U.S. Importers Should Reevaluate “First Sale” Customs Programs
Kelley Drye Client Advisory
On March 1, 2021, the U.S. Court of International Trade (CIT) issued a decision with important ramifications for any company that uses “first sale” to reduce customs duty liability for goods imported into the United States. The CIT’s ruling in Meyer Corp., U.S. v. United States calls into question the continued viability of first sale for suppliers located in non-market economies. This development has meaningfully altered the risk profile associated with using first sale for transactions in China and Vietnam. All companies relying on first sale should review their first sale programs to evaluate the impact of this ruling and take adequate precautions.
The First Sale Rule
The first sale rule permits importers to declare a lower customs value—and by extension, to lower the customs duty liability—for certain types of qualifying importations. To be eligible, an importation must involve a multi-tiered transaction (i.e., there must be three or more parties involved in the sequence of sales leading to the importer). Under U.S. law, the earliest sale in such a sequence of transactions may be declared as the customs value provided that the goods are clearly destined for the United States at the time of such sale and the first sale value otherwise satisfies the requirements applicable to any transaction value (i.e., it must be a bona fide sale that has been conducted at arm’s length).
First sale is thus commonly described as having “three elements”: the first sale in a multi-tiered transaction may be used as a customs value provided (1) it is a bona fide sale, (2) the goods are clearly destined for the United States at the time of the transaction, and (3) the value is an arm’s length price.
Meyer v. United States
The CIT’s decision in Meyer hinges on additional language from the seminal 30-year-old case that established first sale as a viable basis for customs valuation—language that has frequently been quoted, but seldom, if ever, scrutinized for meaning. The CIT interpreted that language to impose an overlooked requirement, namely that any legitimate first sale must be (4) absent any distortive non-market influences. While the first three requirements for the use of first sale are frequently assessed and litigated, the fourth requirement, the CIT notes, “has generally been neglected.”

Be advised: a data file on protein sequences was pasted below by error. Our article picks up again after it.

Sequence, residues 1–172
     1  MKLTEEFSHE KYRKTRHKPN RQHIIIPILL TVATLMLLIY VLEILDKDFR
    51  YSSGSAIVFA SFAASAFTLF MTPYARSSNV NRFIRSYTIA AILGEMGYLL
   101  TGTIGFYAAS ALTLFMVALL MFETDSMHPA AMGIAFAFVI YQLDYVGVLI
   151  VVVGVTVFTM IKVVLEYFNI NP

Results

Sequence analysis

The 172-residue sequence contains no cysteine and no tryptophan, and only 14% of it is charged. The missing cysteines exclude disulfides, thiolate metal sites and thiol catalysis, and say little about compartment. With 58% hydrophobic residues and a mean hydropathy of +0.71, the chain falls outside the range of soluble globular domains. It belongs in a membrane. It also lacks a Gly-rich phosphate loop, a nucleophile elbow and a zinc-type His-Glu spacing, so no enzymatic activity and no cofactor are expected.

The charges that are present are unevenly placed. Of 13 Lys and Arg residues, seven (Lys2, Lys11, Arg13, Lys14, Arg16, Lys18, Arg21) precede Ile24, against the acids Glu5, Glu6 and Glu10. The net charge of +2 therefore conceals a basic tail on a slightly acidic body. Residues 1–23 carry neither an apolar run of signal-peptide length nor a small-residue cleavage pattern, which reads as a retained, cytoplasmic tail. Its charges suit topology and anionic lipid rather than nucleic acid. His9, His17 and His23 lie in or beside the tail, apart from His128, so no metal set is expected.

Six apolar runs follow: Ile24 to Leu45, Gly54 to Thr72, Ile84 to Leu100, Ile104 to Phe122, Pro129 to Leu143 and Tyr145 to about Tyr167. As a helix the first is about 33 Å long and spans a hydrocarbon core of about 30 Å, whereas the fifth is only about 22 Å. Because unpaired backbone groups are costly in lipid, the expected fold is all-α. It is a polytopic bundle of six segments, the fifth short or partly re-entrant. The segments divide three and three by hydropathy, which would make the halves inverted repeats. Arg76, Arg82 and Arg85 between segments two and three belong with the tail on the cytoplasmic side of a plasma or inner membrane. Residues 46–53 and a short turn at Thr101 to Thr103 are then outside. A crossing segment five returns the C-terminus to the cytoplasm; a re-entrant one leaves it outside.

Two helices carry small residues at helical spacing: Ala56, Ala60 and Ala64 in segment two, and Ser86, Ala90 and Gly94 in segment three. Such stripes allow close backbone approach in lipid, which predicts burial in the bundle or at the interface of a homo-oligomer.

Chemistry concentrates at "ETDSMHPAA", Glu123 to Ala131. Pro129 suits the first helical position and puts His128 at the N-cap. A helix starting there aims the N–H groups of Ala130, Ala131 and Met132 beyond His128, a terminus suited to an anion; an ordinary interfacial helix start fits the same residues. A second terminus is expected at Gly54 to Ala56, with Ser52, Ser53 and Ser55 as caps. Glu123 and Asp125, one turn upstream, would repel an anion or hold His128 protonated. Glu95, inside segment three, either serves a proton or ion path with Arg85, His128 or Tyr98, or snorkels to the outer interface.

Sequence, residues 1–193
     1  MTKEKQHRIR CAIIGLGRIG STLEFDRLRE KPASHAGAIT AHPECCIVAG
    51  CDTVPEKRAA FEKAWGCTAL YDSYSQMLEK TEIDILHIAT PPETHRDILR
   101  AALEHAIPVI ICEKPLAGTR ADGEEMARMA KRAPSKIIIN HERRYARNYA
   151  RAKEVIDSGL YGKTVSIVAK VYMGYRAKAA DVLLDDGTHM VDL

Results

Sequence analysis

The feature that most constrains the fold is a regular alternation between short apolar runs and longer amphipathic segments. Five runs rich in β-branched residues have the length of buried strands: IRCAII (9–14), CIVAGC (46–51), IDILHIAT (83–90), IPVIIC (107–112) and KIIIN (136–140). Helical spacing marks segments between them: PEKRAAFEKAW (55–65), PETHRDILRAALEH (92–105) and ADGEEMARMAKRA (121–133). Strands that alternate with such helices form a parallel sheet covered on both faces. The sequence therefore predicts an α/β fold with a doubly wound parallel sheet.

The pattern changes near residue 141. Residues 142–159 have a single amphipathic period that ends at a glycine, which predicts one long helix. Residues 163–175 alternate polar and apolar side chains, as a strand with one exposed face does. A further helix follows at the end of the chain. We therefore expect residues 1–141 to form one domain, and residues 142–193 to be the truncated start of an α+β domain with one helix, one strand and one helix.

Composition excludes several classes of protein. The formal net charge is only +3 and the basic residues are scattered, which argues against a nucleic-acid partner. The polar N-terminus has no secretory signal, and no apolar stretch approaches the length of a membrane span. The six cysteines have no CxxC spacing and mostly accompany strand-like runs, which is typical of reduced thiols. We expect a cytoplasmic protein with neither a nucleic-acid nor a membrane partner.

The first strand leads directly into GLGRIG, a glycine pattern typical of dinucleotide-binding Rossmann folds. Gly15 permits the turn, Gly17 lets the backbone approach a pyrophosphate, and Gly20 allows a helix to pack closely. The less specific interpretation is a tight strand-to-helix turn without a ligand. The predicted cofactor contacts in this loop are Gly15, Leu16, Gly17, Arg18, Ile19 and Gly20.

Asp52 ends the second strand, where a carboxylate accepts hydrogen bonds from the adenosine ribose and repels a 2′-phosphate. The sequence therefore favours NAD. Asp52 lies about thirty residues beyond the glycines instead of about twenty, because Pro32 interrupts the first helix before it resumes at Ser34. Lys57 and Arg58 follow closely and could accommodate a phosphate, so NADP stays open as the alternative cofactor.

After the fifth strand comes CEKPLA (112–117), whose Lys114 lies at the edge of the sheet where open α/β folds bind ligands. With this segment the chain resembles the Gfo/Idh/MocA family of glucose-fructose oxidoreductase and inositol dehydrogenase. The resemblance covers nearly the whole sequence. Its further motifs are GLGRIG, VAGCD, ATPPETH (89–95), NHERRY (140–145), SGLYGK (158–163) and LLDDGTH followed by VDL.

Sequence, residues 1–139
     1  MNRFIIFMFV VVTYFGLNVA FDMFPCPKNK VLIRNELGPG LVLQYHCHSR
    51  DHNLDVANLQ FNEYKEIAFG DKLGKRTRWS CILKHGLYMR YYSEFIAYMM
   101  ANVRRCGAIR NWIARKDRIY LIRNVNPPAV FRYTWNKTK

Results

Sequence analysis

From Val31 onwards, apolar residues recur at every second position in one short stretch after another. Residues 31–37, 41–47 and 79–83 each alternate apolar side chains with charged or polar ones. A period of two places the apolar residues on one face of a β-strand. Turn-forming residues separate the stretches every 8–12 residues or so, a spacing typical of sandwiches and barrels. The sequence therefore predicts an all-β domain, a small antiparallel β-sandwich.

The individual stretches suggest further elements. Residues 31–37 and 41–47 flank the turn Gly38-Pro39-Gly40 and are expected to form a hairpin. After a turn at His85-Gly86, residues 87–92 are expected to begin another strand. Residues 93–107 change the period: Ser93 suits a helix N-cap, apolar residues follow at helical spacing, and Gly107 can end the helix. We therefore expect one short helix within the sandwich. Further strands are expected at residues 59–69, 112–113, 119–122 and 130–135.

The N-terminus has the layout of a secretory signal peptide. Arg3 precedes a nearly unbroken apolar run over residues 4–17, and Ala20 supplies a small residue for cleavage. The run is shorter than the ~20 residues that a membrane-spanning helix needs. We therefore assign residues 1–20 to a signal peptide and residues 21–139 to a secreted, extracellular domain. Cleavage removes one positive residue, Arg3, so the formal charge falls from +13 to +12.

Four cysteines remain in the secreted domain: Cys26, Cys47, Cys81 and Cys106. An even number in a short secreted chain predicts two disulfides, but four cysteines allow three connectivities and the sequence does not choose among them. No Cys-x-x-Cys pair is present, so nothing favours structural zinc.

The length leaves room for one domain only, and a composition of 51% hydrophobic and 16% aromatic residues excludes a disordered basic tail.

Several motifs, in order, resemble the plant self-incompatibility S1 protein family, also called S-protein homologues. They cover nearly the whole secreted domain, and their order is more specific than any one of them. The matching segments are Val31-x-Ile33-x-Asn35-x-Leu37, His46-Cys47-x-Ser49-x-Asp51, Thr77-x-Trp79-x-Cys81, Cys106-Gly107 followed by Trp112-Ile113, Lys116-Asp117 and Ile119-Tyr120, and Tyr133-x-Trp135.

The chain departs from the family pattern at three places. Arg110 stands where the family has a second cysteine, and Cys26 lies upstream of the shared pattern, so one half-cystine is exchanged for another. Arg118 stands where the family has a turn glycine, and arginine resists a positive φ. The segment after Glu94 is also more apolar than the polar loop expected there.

In Meyer, the plaintiff failed to establish that it was entitled to use the “first sale” transaction value because it failed to produce sufficient evidence to satisfy both the (well-established) arm’s length and (newly in focus) distortive non-market influence requirements. The importer’s failure to produce sufficient information on these elements was decisive.
Significantly, the CIT also expressed doubt that the first sale rule was ever intended to be applied to transactions involving non-market economy participants and inputs, inviting the U.S. Court of Appeals for the Federal Circuit to provide further clarification.
Heightened Risk to First Sale Programs
While Meyer is not directly binding on other importers or fact patterns, and does not invalidate the use of first sale in all cases, the opinion does increase the risk associated with using first sale with suppliers in non-market economies (e.g., China and Vietnam). While it remains to be seen whether the importer in Meyer will appeal the final decision of the CIT, the Meyer decision creates a clear path for U.S. Customs and Border Protection to begin dismantling the use of first sale in transactions involving non-market economies, should it choose to do so.
Companies Should Reevaluate First Sale Programs
Any company currently relying on first sale to lower customs duty liability should evaluate its program to consider the ramifications of the Meyer decision, and to assess the overall health of the first sale program. Regardless of whether the Meyer decision is appealed, exercising reasonable care—and reducing the risk of customs penalties—requires importers to take account of court decisions relevant to customs value.
Even where all parties in a multi-tiered transaction are unaffiliated, and thus presumptively at arm’s length, companies may now have to establish the absence of any distortive non-market influences in order to maintain first sale programs. In light of the Meyer decision, companies should take affirmative steps to demonstrate the lack of non-market economy influence throughout these programs.
We are happy to help review your first sale program and to advise on strategies for preserving this important duty saving mechanism. Please contact us with any questions.